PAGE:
Letter 24 – Pipevine Swallowtail Caterpillar and Feeding Frenzy of Hackberry Emperors
Pipevine Swallowtail Caterpillars
I Googled and got your site on the second hit. On the first hit, I saw an Eastern Swallowtail caterpillar misidentified as a Pipevine Swallowtail caterpillar. I KNOW what an ES looks like; I wasn’t sure what I had eating the Pipevine plants I had just purchased at the Texas Discovery Garden Butterfly Plant sale (duh, right? LOL! Well, I just wanted to be sure!) I didn’t see any shots of the black variant on your site, so am sending you a couple if you can use them. If not, no worries; I don’t have a macro lens, and I was using a zoom lens, so it was hard to get a good depth of field focused. Thanks for your site; I’ve got it bookmarked.
PS Have you ever successfully grown Pipevine, the plant? This is my fourth try, and each time the tubors get holes in them and then rot. I’m keeping these dryer, but have already lost one of the three plants I bought. The other two got hammered by this pair of larvae, so I have them in netting now. It hurts when I see butterflies flitting against the net, but if I can’t get them to grow, there won’t be anything to feed the caterpillars next year!
PPS I’m also including a shot of a rotten tomato I threw into the fenceline yesterday; today, it was covered with Hackberry and Mourning Cloak butterflies!
Your afterthought photo of the Hackberry Emperor feeding frenzy is pretty awesome. We will be posting it as well as your Pipevine Swallowtail Caterpillar photo. Sorry, we have never grown pipevine and do not know anything about its horticultural needs.
Letter 25 – Pipevine Swallowtail Caterpillars
Location: Southeast Arizona desert scrub at 3500 feet elevation. N32 deg, 18.3min; W110 deg, 21.5 min
September 13, 2010 10:15 pm
Please identify this caterpillar.
Signature: Bob Evans
These are the caterpillars of the lovely Pipevine Swallowtail, Battus philenor, which you can verify on BugGuide which indicates: “Larvae feed on Aristolochia species. These include “Pipevine” or “Dutchman’s Pipe”, Aristolochia species (tomentosa, durior, reticulata, californica), as well as Virginia Snakeroot, Aristolochia serpentaria. Larvae presumably take up toxic secondary compounds (including Aristolochic acid) from their hostplant. Both larvae and adults are believed toxic to vertebrate predators, and both have aposematic (warning) coloration.” We don’t normally think of them as a desert species, so your letter is quite welcome.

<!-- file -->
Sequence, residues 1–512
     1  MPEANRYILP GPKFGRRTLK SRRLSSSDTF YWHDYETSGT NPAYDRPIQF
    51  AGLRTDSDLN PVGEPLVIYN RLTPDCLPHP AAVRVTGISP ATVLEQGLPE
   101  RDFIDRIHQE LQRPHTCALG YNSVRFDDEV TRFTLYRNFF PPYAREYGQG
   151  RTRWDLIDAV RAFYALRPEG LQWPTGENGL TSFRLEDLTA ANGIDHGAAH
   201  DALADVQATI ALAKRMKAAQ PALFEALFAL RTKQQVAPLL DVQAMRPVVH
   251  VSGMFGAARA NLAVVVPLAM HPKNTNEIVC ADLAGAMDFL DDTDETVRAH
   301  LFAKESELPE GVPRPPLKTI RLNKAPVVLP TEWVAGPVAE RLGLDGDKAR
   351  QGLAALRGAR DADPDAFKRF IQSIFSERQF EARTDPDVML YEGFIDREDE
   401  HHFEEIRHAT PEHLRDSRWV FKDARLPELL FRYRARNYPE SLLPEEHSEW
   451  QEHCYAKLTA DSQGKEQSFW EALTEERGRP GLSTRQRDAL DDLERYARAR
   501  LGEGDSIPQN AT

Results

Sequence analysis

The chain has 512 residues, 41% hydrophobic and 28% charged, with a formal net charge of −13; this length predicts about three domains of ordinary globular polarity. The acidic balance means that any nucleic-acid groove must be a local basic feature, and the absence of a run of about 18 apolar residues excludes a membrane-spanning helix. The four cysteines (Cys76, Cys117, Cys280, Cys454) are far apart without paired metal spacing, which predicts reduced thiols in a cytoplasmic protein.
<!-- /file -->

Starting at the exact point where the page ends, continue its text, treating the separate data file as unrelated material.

Letter 26 – Pipevine Swallowtails Mating
either Pipevine or Spicebush Swallowtails mating.
I took this picture earlier today in the Great Smoky Mountains National park of two Swallowtails mating that i thought turned out pretty good. they were right in the middle of the road (well, almost more of a driveway). i thought that was a weird place for them to mate. well hopefully this will be of use to your bug love page. anyway hope you enjoy it.
These are mating Pipevine Swallowtails, and your photo is wonderful
Letter 27 – Pipevine Swallowtails Puddling
Pipevine Swallowtails puddling.
I thought I would share with you this picture I took today of some Pipevine Swallowtails puddling. I hope you like it. Thanks so much for an awesome website!!!
Thanks so much for sending us your high quality image of this dramatic puddling event. Swallowtail butterflies are one of the families that frequently gather at water puddles to drink, the benefits being both moisture and minerals. We are sure some of our readers are very curious where this image was taken.
sorry I forgot the location. It was taken in the Great Smoky Mountains National Park near Gatlinburg, Tennessee
Letter 28 – Pipevine Caterpillars and Chrysalis
What is this caterpillar?
Can you identify this caterpillar? I found this in Nov 2007 in the Sutter Buttes of California. It was on the ground about 30 feet from a cluster of pupas that I found attached to a rock. Not sure if they are related. Thank You,
Your caterpillars are Pipevine Swallowtails, Battus philenor, and the Chrysalis is also from the Pipevine Swallowtail. Your photo does not show the silken girdle thread that keeps the chrysalis upright. This is a characteristic of the chrysalis of most swallowtails.